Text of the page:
Back sleepers are the best type of sleeper who would benefit from a Goldilocks-style mattress. These people could feel unnecessary tension in their shoulders and lower back if they are too firm. Too soft and their hips may sink to the level of their shoulders. This could cause a bowed back, as well as pain up their spine. These dreamers require a medium firm feeling that is somewhere in between.
Back sleepers prefer a mattress that is in the 55-7/10 range of the firmness scale. 1 is the softest and 10 the firmest. 6.5 is the industry standard for medium firmness.
This vibe is great for back sleepers. It helps to align the spine in a neutral position. Neutral spine alignment is the idea of creating an even line from the shoulders to your hips. This will help to relieve tension in the back and reduce pains related to arthritis and fibromyalgia.
Side sleepers require deep pressure relief at their shoulders and hips. Back sleepers need balance. To avoid uncomfortable jamming at night, side sleepers will prefer a soft mattress that conforms to their bodies.
Although softness can be subjective, I believe it to be anything in the 4-6/10 range of the firmness scale. These measures are compared to the industry standard of 6 for medium firmness.
Side sleepers exert so much pressure on their joints during the night that it is important to find a soft bed made with pressure relief in mind. A lot of mattresses claim to alleviate shoulder and hip pain is common, it is important to look into the specifications of a mattress to determine how it will relieve pressure. Side sleepers should stick to memory foam mattresses . These mattresses are well-known for their deep body contouring, sinkage and pressure relief.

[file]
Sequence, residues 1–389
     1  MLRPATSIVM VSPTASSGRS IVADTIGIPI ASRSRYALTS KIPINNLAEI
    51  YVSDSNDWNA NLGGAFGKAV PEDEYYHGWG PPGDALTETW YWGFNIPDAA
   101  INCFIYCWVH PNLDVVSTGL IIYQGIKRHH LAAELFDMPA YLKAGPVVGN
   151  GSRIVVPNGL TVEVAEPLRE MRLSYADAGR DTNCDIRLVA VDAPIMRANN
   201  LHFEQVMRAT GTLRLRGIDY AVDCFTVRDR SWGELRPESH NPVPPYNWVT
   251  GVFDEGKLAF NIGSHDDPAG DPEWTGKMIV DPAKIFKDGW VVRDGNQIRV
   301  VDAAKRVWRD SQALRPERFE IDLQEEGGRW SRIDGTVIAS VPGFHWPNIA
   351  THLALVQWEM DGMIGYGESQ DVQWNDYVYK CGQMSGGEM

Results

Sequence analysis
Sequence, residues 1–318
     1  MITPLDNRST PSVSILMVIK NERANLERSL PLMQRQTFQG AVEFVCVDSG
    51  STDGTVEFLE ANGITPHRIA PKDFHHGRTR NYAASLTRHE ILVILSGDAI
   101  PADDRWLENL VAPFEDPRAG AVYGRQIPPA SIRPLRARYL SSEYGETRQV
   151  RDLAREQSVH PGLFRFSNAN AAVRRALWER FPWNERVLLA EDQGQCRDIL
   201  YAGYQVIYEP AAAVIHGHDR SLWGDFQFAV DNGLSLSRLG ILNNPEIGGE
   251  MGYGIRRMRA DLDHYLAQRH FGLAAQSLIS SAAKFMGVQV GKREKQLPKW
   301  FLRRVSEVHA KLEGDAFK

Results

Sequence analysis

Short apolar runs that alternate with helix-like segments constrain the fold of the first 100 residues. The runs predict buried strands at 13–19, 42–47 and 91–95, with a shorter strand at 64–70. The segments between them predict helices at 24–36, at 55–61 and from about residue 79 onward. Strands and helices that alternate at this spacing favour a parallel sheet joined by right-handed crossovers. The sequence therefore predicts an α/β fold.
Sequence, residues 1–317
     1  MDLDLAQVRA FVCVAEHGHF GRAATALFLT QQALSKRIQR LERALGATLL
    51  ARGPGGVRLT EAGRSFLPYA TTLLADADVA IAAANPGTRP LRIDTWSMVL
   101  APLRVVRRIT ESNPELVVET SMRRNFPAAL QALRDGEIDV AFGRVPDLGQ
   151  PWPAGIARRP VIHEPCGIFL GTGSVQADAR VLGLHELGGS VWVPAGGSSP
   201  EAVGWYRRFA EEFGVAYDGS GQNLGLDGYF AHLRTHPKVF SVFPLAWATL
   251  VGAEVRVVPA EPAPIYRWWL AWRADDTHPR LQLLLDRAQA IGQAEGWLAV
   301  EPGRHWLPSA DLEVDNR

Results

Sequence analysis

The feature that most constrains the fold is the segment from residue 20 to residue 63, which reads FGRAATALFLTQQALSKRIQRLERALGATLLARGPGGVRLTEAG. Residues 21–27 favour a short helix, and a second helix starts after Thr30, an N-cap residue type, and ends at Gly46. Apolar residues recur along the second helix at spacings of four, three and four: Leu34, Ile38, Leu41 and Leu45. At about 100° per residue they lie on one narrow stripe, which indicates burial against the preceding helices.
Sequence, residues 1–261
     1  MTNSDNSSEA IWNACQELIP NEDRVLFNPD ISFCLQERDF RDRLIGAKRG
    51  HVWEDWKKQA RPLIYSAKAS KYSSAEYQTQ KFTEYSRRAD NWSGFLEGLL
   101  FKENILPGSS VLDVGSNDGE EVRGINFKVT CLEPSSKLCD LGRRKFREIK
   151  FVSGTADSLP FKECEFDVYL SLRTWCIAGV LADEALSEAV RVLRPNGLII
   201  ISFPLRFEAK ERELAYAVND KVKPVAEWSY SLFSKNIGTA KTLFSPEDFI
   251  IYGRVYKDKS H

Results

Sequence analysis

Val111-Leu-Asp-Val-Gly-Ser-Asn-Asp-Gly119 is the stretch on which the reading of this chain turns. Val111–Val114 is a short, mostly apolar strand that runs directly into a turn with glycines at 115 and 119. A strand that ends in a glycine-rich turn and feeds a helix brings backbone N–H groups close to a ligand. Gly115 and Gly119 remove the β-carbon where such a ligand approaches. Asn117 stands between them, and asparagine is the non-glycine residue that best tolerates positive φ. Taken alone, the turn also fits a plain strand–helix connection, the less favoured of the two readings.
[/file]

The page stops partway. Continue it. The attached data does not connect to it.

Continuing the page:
Stomach sleepers will need a firm mattress that aligns their hips with the shoulders. These people will have the most trouble with a soft mattress that causes their hips to sink. They’ll need to stay focused on supportive models.
The range of stomach sleepers I recommend is 7-9/10 on my firmness scale. These numbers are compared to the industry standard of 6 for medium firmness. This shows that stomach sleepers will want to be at the extreme end.
However, you don’t want to end with a mattress as hard as a rock. You need to look for a bed that has a combination of super supportive foundations and thin comfort layers that add just a little cushion to the overall firmness. A hybrid innerspring or hybrid mattress is best for stomach sleepers. It combines tall coil sections with pillow tops or quilted covers.